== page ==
The 2013/14 season saw Premier League football clubs cash in on unparalleled TV revenue. As part of the three year deal with various international broadcasters, Premier League clubs saw their accumulative revenue increase from last season’s total of £972m to £1.6bn.
The new deal which was signed last summer is set to see an overall £3.018bn shared across three seasons from 2013-14. This is an increase against the last deal of £1.773bn.
The TV money is shared among the 20 league clubs according to league position and the amount of games each club were involved in which were televised. With the increase in the deal, Cardiff City- who finished bottom and were relegated- earned more than Manchester United did last year when they finished champions.
Despite the fact that nothing can quite cushion the blow of relegation, the £62.1m received by the Welsh side will certainly go some way to helping, along with a parachute paymen t afforded by the league.
The top earners were Liverpool who had 28 of their 38 games televised, and picked up a cool £97.5m despite finishing second to Manchester City (£96.6m). Despite a difference of over £30m between the top and bottom clubs, the revenue distribution is actually far more even than anywhere else on the continent.
With teams like Manchester United, Arsenal and Chelsea all making 25 appearances, and Tottenham making 24, at the opposite end of the scale were the less attractive sides such as Stoke (7), Fulham and Cardiff (8) and Hull West Brom and Norwich all making just 9 appearances on the television. These sides have a far smaller fan base than any of the higher placed teams and generally only made it on to the TV when they were matched against a big draw side.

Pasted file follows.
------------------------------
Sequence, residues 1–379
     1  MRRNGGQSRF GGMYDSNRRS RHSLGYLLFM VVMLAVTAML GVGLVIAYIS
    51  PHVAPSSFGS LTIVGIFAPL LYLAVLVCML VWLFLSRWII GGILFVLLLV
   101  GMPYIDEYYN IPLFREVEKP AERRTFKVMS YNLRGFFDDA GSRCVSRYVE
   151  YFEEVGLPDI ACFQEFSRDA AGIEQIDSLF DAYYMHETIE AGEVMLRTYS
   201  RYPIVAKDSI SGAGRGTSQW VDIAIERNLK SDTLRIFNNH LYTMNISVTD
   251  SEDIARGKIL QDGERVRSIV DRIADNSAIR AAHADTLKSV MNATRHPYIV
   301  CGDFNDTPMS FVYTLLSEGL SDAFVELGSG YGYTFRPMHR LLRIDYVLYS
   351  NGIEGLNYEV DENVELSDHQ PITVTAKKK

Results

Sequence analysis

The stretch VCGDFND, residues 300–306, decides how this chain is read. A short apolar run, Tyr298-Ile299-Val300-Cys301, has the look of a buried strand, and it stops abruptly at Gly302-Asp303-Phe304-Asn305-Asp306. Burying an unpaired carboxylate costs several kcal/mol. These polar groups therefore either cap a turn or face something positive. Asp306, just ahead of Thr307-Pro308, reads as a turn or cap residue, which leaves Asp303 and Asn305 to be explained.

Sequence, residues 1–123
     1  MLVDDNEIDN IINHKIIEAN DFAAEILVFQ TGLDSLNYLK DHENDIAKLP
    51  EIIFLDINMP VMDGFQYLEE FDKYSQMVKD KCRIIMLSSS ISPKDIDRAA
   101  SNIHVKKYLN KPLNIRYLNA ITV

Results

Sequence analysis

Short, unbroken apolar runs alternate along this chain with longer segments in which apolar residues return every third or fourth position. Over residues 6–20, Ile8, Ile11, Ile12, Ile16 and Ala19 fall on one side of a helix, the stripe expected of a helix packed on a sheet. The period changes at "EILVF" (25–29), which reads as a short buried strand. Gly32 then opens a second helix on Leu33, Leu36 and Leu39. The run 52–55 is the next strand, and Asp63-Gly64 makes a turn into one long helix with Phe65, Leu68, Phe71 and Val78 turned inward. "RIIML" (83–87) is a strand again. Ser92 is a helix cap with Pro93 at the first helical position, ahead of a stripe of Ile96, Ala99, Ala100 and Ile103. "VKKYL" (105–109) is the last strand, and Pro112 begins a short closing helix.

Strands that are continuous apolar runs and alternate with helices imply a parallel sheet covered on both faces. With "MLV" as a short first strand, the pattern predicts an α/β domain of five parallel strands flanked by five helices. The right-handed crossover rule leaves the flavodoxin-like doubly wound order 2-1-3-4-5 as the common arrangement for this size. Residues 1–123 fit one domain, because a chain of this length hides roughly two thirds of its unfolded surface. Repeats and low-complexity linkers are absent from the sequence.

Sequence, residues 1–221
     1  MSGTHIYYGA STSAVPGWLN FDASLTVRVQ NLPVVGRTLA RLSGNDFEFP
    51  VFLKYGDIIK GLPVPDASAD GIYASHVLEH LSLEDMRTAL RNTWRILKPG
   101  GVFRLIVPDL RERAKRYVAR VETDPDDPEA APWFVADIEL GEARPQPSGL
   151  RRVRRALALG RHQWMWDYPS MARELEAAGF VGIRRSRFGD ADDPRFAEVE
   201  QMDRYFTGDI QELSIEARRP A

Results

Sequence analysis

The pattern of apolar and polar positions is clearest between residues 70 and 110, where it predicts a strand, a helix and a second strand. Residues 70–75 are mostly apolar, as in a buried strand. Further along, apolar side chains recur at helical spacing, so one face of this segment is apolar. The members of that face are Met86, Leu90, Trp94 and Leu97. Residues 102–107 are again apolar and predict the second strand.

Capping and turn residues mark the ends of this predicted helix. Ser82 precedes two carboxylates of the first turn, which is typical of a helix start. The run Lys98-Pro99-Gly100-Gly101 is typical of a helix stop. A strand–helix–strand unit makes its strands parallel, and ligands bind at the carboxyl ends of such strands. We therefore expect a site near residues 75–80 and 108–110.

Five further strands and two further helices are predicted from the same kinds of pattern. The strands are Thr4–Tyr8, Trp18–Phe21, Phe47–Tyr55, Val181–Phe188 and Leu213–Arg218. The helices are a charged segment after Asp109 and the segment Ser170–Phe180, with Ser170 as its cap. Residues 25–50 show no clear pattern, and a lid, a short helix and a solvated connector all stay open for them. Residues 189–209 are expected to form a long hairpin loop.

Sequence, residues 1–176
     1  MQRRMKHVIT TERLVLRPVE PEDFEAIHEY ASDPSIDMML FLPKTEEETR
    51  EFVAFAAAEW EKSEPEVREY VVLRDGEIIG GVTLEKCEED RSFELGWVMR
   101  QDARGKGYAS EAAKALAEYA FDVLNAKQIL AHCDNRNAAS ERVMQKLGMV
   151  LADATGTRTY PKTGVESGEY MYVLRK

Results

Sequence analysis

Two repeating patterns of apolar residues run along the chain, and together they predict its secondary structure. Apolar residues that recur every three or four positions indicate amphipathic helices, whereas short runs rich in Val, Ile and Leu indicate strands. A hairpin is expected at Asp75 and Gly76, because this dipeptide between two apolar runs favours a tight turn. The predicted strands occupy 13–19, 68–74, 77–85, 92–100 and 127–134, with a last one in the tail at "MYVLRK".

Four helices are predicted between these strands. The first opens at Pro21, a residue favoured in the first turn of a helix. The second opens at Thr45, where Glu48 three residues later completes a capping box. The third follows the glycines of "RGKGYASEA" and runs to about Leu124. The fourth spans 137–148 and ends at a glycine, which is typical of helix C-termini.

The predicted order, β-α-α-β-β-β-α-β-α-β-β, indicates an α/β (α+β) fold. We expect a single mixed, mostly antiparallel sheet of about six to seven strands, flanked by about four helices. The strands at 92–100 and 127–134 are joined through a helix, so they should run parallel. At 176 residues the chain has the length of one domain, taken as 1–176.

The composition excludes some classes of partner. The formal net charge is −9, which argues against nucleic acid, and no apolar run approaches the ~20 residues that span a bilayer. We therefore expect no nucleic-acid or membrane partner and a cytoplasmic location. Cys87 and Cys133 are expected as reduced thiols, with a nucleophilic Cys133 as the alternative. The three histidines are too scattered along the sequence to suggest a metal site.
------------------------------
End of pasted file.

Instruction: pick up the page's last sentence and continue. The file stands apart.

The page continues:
The revenue is broken down into domestic and international rewards. Domestically, half of the income is distributed evenly between the 20 clubs, with a quarter based on the final position in the table and the final quarter dependent on TV appearances.
The money derived internationally is equally shared, and this season equated to £26.3m per club.
The big money however doesn’t stop there, with an extra £30m for Manchester United and Chelsea for progressing in the Champions League. With the increasing popularity of the British league across the world, including in key territories such as India and China, the revenue is likely to increase significantly when the next deal is secured in a year and half.